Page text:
I didn’t know who he was or who he played for before he sat down and social media lost it’s collective mind, but here I am writing about him.
What he meant to do was bring more equality. Highlight a wrong that we as a people need to address. It is easy to criticize the act but, as a friend said this afternoon when I sent this to him for a sanity check, no decent human can criticize the intent. My wise, (and tall and smart and funny, in case he’s reading this), active duty Marine friend continued our conversation with:
I love that he lives in a country that has afforded him the salvage of a possibly wasted life. I love that he chose to do something. I love that he can choose to piss people off. I love that it has sparked controversy. His act. The act of a hashtag. The act of giving voice to opinion is all at once the means of change (read power, influence, etc). I love that veterans disagree. What I’m saddened by – truly- is that I believe we’re missing the forest for the tree and mislaying blame. His actions however good intentioned were wrongly aimed. The last thing we need to do is blame the country and the government. Never ends well. It is the culture we must address. **These were all texts. I corrected the typos. Thumbs.**
To those who’ve suggested he disrespected America, men killed in combat and all of us who served in the military? I can’t speak for all veterans, but I didn’t serve for a song.
I served initially for a better future. And three meals a day. And a skill set. And for the chance to afford college someday. And to break away from the tragic series of stereotypes I was born into. And to be
forced guided taught voluntold led to make better choices. When I reenlisted years later, I served for a Nation who’d just been attacked. And for the freedoms and rights that Nation embodies and affords to all of her citizens. Not for a song.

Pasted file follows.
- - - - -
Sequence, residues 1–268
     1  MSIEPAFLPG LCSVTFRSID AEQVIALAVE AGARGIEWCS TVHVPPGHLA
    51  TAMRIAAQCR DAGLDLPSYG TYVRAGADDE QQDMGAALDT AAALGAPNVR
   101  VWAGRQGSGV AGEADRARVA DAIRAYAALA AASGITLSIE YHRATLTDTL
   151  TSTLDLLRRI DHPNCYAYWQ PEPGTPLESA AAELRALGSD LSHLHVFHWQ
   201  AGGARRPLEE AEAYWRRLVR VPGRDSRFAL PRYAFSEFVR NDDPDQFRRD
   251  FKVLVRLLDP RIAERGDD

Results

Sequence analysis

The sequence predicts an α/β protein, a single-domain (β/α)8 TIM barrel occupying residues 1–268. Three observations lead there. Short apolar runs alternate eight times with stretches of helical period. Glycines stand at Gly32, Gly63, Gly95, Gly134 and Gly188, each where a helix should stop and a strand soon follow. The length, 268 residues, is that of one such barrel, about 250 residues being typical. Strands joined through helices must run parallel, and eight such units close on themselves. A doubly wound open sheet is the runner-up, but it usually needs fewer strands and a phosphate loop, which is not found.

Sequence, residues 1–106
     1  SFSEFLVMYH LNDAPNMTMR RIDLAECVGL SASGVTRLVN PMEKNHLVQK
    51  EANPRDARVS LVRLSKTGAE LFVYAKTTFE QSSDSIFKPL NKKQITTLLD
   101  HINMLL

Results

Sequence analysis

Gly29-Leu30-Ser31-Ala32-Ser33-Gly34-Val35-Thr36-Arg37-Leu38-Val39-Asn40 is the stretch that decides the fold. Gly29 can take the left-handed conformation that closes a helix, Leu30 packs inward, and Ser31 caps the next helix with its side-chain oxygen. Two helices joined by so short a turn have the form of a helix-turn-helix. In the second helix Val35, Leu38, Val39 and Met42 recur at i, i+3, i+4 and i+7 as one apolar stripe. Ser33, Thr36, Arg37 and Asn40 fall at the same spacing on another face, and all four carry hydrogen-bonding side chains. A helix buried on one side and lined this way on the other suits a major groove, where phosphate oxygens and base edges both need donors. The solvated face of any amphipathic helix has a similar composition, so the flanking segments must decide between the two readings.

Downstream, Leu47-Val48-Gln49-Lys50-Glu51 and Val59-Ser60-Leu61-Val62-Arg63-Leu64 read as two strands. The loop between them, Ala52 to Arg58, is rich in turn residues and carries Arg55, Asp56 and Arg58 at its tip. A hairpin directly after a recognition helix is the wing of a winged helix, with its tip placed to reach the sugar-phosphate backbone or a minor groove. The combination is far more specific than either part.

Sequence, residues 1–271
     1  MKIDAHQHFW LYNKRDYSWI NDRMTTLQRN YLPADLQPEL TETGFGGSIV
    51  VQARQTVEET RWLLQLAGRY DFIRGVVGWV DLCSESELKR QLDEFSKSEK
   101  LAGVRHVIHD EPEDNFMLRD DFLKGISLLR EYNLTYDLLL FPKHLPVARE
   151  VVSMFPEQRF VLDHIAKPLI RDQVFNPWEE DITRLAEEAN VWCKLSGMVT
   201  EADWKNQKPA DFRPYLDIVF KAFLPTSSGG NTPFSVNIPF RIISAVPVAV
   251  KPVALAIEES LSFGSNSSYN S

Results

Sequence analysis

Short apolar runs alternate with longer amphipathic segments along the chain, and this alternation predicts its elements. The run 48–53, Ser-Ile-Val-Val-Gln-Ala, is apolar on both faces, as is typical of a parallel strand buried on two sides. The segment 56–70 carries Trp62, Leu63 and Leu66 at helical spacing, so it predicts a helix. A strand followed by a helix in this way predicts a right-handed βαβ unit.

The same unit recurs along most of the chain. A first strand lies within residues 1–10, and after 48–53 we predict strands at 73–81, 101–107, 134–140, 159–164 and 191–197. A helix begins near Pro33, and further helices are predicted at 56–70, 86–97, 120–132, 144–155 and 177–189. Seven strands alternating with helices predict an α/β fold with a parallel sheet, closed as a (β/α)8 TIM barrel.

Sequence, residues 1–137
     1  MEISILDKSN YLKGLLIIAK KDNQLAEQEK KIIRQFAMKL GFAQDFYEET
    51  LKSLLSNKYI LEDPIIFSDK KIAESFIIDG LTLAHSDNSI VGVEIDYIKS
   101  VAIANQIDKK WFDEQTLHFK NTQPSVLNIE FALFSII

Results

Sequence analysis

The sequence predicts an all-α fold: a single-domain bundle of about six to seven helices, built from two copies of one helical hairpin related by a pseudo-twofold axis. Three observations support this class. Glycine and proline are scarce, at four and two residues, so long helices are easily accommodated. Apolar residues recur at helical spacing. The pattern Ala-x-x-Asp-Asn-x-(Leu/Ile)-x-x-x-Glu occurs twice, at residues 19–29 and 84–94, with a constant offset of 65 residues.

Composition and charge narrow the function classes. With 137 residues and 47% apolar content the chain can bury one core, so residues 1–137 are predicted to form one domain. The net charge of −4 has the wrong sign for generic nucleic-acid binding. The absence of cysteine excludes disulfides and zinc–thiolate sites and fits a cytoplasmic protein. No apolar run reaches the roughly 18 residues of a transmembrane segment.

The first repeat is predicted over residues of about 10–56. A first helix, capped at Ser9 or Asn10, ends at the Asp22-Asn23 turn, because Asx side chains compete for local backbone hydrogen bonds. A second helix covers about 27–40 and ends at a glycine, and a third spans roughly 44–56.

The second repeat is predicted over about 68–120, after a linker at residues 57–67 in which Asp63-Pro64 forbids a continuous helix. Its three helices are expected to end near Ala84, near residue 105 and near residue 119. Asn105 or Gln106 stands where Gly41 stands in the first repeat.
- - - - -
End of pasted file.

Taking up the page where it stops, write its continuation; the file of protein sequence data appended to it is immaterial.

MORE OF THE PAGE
This comic says it better, though. Succinctly and in color.
I posted that photo on Facebook this morning with a single line:
“Don’t use my service to demand his silence.” Sgt H
Among the early responses was one from a friend whose opinion I value; someone I enjoy exchanging ideas with even if we don’t always agree. Someone who is far more attuned to things in the sportsball community than I am:
It’s not so much what he did that bothers me as the way he went about it. So what, he sat. Big freaking woo. And now he’s relevant again for 5 minutes as people talk about him. Has his “message” changed anything? Nope. Has he himself done anything to change anything? Nope. Perhaps he could make some real change by putting his money where his mouth/actions are. He is in a real position to make a difference (perhaps donate his time to a football camp for at risk inner city kids) & instead he chose to sit on his talentless ass.
Whoah. Ok. Um, ok. So, that cartoon struck a nerve. This was my response:
Sitting down is no less effective than smashing a hashtag at the end of a vitriol infused tweet and calling yourself “part of the solution.” The field is his platform.
Sitting down was his way of standing up and I commend him for it. The point of my post was to share my opinion about the lame idea he disrespected American veterans or America herself by sitting down.
The National Anthem is a song. It’s words. Words penned more than a century ago. Some of the words have been intentionally ignored because they’re disparaging to an an entire segment of the American population.
None of us served, fought or DIED for a song. We served, fought and DIED for a Nation and, in part, for the freedoms we’re afforded as a result of being born here.
What blows my mind is the way white fans flipped their shit about it. Where are *those* fans when NFL players rape, kill, torture animals, abuse drugs, wreck cars and abuse women and children? They’re pissed because their fantasy football teams played poorly while their “main man” was suspended for a few games.
Good for him for sitting down.
Dude was so talented** he was drafted by the Cubs, chose football instead and raises awareness of pediatric heart disease and money for *disadvantaged* kids suffering from it because his adoptive parents lost two babies to heart disease before they adopted him from an unwed mother when he was 5 weeks old. *exhale*
Why don’t people talk about THAT?
Oh. Because he sat down.
**Not a football fan and not here to debate how he compares to other dudes who play the same positions on their sportsball teams; just saying he had enough talent to be drafted in more than one major sport, so I imagine he plays ok. And he has a right to express his opinions, just like we all have a right to express ours.
——I write some really long responses on Facebook sometimes. Eh. ——-
I never thought I’d write a blog about anything NFL related. Ever. Or baseball, for that matter, but it bears mentioning the great Jackie Robinson, himself a veteran of the U.S. Army, a commissioned officer no less, also took issue with standing for the National Anthem and saluting the flag as a result of racial inequalities and injustices he both witnessed and endured in his lifetime.
I disagree with him. I fought for his right to disagree with me.
Indeed you did, DaddyBall. Indeed you did.